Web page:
Footlights Blog

Now You See It...Now You Don't

Sunday, January 08, 2012


Intrepid theatergoers, we move our unceasing inquiry into the mystery of seeing a show to the question of actually seeing a show—as fully as the playwright meant it to be. Sometimes finding a seat is the solution to a problem you didn’t expect to get—poor sightlines or a blocked view.


Obstructed perspectives, rows of seats that are insufficiently raked to prevent someone’s head from shrinking the stage you see, seats so far to the side that you can see the actors waiting in the wings, seats so peaked that you get nosebleeds (try the upper levels of the Auditorium Theatre), or playgoers who like to bounce and jerk to invisible beats or whisper to their companions—these create (non)sightlines from hell. Unless you brought you own elevation pillow, you’re in temporary trouble.


Sometimes it’s as simple (but maddening) as a poorly designed theater where the seats aren’t staggered so you can see between the people before you. (The mainstage of Chicago’s Civic Opera House is notorious for this inconvenience but the balconies are better.) You lean even further out when the person in front leans even a little--until it just looks like a bad vaudeville act.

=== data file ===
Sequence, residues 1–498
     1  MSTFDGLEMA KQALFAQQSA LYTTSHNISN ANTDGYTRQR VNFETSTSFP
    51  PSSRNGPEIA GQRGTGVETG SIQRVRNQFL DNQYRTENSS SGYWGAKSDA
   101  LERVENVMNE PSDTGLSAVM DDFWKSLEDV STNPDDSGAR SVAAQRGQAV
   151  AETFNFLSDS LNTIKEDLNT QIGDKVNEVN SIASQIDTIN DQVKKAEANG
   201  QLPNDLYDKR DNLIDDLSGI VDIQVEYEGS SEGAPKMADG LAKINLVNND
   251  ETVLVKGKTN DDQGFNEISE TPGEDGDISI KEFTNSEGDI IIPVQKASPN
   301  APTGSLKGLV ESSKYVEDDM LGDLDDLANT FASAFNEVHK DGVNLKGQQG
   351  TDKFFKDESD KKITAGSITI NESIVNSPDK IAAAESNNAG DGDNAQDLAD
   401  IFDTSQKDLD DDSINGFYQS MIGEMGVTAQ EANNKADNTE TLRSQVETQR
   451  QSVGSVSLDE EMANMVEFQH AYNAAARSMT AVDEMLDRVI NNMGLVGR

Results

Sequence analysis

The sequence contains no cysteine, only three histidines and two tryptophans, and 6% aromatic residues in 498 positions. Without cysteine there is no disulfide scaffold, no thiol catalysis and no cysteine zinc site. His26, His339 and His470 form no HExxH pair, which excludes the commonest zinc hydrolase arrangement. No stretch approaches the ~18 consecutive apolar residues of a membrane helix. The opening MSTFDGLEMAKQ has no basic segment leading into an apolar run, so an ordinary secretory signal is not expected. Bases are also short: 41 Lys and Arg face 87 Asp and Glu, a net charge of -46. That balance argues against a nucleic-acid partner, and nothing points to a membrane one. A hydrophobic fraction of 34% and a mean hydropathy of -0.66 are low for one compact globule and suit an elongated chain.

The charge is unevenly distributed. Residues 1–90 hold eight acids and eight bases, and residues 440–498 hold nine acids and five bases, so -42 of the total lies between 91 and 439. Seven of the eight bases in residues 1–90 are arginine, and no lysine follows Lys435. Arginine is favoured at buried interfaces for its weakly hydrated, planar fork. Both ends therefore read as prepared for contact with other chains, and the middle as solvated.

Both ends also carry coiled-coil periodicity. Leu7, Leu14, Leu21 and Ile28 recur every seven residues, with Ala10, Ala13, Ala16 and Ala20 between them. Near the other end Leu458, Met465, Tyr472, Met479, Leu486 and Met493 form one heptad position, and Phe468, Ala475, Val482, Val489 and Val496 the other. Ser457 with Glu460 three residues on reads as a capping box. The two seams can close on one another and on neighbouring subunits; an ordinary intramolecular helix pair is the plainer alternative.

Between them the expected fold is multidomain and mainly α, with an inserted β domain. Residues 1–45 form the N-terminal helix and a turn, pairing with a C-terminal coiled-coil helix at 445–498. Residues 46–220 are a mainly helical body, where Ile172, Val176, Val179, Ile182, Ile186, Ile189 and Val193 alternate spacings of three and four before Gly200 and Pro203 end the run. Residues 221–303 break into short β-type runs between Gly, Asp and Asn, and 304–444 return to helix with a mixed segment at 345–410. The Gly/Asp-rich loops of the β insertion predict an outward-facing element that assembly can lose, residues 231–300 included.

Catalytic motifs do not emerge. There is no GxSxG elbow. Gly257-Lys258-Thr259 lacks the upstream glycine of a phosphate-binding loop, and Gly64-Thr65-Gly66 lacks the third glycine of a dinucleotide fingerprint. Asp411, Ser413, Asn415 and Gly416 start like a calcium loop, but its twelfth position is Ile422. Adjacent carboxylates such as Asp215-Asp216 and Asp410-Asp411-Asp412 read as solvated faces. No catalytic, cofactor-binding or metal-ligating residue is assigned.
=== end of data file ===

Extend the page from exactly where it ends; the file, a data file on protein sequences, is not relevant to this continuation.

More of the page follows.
Sometimes a pillar or post can impede your view, all but forcing you to resort to standing room only. Happily, the ticket is usually discounted because of the blockage. (I accidentally bought such a seat at the Residenz Teater in Munich, but my fellow theatergoers took pity on me and leaned enough so I could actually see the stage. (Good Germans come in all forms.)


Of course, no design can prevent a really tall person from perching in front of you and throwing off every sightline calculation meant to provide an unbroken panorama. You can only hope that years of altitude sickness have induced that person to slouch in his seat and let the little people catch glimpses of the show they paid for.


Then there are those temporary disruptions, like latecomers blocking the view or premature departures. But this column has covered these menaces well enough…


I should also include my pet peeve (since I have a terrible right knee)-- seats where you can’t fully extend your legs. I was in raw pain at a concrete bunker theater in San Jose—so, when I saw someone in my row getting up to leave, I got up much earlier than necessary to let this wonderful benefactor pass and lingered a bit longer to enjoy the cessation of pain. (Call it a medical emergency brought on by an inhumane auditorium…) Normally, of course, I would curse such an interruption but this was just what the doctor ordered.


Finally, there’s one theater on Southport Avenue (the Athenaeum is aware of the problem) whose rows must have been designed by a misanthropic dwarf. The only comfortable seats are in the first row.


And the view is terrific too—with nobody to interfere with a clean line of vision.

Please share any such theatrical war stories about bad seats or worse seatmates. Larry IS listening.


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